Summer is often synonymous with beach side relaxation. Let’s learn more about salt water and determine if it’s good or bad for you.
Some chemistry behind salt water
Salt water is essentially sodium chloride, also referred to as table salt. Sodium chloride is an ionic compound. What that means is that it consists of positive ions (Sodium ions) and negative ions (Chloride ions) which counteract each others’ charge. In solution, these ions are free flowing in water.
General benefits of salt water
Salt has been used in various aspects of life since ancient civilizations. One of the many uses is on the skin, as an exfoliant. Lush cosmetics (among many others) points out the various benefits of sodium chloride, which is why it is used in many products including hair products nowadays.
“Cleansing the skin with soaps containing salt is an excellent way to benefit from this mineral content. The formula de-greases the skin, removing dead skin cells and dirt. It does this without stripping too much natural oil and leaves the skin soft and comfortable.”
But can everyone benefit from it for hair usage or is there a catch?
Salt water for hair: The good
Sodium chloride has been said to be great to de-grease hair and scalp for those suffering from oily hair/scalp problems. Additionally it was found to relieve itching, and other scalp issues including dandruff.
Nowadays there are many scrubs for scalp that use sodium chloride salt. One such Allure winning product is from Christophe Robin: Cleansing Purifying Scrub with Sea Salt, for sensitive and oily scalp. Among other things, it is said to enhance micro-circulation and promote healthier hair growth.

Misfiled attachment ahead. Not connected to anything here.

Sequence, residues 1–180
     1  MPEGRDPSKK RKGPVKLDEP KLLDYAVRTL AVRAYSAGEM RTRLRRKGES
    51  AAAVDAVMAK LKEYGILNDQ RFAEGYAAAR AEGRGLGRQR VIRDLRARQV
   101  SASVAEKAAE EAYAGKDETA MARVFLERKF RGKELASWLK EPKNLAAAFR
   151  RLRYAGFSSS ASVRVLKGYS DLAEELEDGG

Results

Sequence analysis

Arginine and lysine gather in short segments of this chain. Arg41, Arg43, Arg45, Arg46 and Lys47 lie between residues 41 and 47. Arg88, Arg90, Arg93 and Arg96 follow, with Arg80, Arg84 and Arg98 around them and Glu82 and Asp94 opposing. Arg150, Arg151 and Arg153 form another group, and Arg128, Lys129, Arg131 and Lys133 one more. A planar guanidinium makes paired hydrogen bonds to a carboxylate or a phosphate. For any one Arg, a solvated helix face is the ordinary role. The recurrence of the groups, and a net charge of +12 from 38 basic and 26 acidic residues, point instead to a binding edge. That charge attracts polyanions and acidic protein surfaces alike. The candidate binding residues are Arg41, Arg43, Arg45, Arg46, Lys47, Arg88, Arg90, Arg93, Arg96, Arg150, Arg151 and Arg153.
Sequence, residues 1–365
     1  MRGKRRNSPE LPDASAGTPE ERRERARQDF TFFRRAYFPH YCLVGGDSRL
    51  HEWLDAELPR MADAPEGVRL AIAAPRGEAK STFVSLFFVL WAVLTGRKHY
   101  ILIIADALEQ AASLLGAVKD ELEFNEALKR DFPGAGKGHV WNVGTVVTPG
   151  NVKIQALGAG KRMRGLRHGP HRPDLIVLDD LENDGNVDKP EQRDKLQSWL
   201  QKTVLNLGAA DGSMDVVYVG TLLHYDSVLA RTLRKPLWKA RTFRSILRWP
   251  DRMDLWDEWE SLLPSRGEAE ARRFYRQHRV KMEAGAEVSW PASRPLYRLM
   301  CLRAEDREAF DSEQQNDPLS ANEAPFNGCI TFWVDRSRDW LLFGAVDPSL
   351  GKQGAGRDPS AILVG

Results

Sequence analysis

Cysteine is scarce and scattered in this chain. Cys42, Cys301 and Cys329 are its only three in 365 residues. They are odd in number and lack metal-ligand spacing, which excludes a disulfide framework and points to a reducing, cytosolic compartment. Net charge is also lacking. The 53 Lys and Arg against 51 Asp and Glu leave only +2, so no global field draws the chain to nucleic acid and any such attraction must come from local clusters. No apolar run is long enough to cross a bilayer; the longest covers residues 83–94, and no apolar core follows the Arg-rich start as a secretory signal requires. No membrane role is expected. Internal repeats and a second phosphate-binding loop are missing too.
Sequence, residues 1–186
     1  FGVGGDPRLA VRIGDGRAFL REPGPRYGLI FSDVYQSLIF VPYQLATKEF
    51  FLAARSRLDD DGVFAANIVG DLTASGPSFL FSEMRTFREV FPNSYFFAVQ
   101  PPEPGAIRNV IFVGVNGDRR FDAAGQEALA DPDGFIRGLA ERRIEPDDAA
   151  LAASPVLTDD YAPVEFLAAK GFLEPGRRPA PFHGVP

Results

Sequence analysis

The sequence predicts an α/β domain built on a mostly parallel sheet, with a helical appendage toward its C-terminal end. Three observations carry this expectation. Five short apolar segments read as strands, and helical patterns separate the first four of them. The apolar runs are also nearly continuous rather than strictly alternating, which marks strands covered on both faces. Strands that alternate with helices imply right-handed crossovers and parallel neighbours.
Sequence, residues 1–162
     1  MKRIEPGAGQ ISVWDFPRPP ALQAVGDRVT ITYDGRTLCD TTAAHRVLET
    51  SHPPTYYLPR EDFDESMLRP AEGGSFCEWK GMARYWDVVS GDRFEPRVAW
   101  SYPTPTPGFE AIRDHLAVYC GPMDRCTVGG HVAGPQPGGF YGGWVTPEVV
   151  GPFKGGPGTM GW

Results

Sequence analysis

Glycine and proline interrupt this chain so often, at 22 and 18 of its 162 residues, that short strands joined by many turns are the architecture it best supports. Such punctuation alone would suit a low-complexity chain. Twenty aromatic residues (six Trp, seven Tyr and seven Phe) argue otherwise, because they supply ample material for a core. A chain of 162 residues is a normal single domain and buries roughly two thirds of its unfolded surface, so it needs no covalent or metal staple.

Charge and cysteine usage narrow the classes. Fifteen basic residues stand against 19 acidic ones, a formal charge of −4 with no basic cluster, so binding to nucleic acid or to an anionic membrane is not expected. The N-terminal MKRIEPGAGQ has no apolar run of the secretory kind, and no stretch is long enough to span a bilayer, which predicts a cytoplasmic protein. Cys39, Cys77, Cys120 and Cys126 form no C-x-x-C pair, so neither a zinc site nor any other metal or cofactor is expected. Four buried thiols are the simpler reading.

Additionally, many also enjoy the beach look that sea water creates. The salt provides friction which helps to add volume and texture.
Salt water shouldn’t be an issue if you don’t suffer from dry hair. If anything, it can provide awesome benefits. But use it moderately to avoid creating drying problems.
Salt water for hair: The bad
Unfortunately, salt water is not for every hair type. Dry, damaged hair will respond differently: it gets even drier. Why?
As you dive into the water, the hair gets wet and some of the salt (sodium chloride) will diffuse into the hair. As you step out of the water, hair starts to dry and that’s where problems begin:
- The water from the salt water evaporates from hair. This causes the concentration of salt on the hair surface to increase.
- The water inside the hair ‘feels’ drawn out to the salty solution present on the outside of the hair.
The process is called osmosis: where the solvent (water in this case) travels through a semi-permeable barrier (hair) to a region where the solute (salt) is higher.
When the hair is completely dry, you end up with a net moisture loss from the fibers. This in combination with sunlight effects will make hair unmanageable and lead to more damage.
With that being said, you certainly do not want to use beach (salt) sprays if you have dry hair issues.
Protective measures to prevent dry hair
The goal here is to coat hair with a water resistant barrier, to make hair less porous, and delay the diffusion of sodium chloride into hair.
- Before leaving the house, prep your hair with moisturizing products: leave-in creams/conditioners/oils. You can use more than usual, since it will wash off eventually anyway.
- Don’t forget your sunscreen creams and sprays. Generously coat your hair especially at the ends. This will act as a temporary water barrier but also protect against sun damage.
- Rinse the salt water off your hair (and skin) after you step out of the sea. This will decrease the extent of osmotic pressure (water transfer from hair). If you can’t have access to a shower right away, bring a bottle of fresh water with you to beach.
- Re-condition your hair as soon as you shampoo off the salt water. [Read more about after care here.]
With those steps, there’s no reason why you can’t enjoy a nice swim in the ocean! 🙂